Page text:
In 2006, psychiatrist Carlos A. Zarate Jr, MD, and colleagues at the National Institute of Mental Health (NIMH) published a seminal finding in Archives of General Psychiatry (now JAMA Psychiatry): A single intravenous dose of ketamine—an anesthetic agent with hallucinogenic properties—produced robust antidepressant effects in patients with treatment-resistant depression (TRD) compared with placebo. The effects of the glutamatergic modulator were observed within 2 hours, far sooner than selective serotonin reuptake inhibitors (SSRIs), and persisted for a week.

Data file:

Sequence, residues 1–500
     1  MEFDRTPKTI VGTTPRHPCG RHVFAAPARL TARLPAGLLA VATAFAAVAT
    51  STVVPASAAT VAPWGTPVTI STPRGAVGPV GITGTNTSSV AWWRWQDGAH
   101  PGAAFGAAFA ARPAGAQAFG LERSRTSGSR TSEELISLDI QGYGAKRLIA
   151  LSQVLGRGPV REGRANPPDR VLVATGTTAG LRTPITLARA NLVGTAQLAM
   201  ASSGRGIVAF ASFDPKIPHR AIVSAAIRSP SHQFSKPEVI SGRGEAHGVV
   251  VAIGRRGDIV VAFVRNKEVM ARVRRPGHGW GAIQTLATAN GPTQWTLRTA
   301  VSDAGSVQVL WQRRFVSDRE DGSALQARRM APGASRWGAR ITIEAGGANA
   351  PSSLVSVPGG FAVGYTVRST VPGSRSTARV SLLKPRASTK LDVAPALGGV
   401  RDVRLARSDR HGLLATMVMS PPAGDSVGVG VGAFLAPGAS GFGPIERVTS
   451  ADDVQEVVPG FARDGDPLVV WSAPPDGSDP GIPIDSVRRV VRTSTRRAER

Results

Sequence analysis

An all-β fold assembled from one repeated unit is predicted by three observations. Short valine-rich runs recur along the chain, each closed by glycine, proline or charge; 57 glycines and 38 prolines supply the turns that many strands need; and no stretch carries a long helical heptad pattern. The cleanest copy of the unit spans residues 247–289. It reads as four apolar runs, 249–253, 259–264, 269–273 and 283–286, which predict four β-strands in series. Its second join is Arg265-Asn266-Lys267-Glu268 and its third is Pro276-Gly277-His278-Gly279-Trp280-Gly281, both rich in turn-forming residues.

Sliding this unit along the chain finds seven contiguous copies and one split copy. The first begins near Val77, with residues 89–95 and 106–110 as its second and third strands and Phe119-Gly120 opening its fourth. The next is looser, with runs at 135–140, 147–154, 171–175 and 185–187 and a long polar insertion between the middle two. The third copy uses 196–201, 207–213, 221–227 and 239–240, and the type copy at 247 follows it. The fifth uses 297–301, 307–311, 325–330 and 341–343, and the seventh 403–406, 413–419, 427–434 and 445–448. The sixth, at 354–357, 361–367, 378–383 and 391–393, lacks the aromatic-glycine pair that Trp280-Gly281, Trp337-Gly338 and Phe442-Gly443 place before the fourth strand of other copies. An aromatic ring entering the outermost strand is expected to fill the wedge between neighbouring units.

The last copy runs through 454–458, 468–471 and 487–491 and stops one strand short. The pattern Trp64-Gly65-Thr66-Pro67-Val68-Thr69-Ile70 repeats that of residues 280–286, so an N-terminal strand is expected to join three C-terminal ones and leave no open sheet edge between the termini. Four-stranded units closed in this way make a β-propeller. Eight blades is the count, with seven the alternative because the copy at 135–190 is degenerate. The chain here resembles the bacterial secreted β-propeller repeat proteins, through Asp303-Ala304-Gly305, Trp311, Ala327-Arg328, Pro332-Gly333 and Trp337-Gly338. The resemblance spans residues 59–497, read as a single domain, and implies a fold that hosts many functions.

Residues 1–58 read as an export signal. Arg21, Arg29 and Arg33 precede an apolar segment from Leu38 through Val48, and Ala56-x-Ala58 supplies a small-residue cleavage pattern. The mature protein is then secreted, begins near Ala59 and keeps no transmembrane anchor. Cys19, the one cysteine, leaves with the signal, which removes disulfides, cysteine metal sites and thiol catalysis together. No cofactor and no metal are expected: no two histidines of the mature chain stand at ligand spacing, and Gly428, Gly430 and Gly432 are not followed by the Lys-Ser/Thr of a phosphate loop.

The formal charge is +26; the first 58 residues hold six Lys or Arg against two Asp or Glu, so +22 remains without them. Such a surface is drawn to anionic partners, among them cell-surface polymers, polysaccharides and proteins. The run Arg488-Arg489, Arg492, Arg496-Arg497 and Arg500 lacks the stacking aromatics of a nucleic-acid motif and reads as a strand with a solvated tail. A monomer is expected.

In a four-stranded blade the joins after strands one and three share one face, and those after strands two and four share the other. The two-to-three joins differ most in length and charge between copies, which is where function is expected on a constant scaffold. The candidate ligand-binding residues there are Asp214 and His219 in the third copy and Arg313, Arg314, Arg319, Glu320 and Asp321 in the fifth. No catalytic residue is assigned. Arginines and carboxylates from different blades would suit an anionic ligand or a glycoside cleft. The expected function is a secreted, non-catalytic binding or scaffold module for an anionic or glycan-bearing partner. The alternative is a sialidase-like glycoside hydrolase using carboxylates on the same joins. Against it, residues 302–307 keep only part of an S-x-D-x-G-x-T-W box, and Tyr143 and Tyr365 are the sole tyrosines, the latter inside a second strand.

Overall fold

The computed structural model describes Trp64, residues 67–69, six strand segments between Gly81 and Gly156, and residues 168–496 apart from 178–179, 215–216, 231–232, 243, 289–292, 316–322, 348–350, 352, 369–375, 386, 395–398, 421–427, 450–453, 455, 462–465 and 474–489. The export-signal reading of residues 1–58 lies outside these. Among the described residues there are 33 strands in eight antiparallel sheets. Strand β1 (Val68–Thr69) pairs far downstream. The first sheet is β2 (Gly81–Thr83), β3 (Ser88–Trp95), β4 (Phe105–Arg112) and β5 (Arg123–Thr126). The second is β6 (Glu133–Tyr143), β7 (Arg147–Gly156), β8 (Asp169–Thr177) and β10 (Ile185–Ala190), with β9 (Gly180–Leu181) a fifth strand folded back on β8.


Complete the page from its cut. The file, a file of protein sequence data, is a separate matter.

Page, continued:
Abbasi J. Ketamine Minus the Trip: New Hope for Treatment-Resistant Depression. JAMA. 2017;318(20):1964–1966. doi:10.1001/jama.2017.12975
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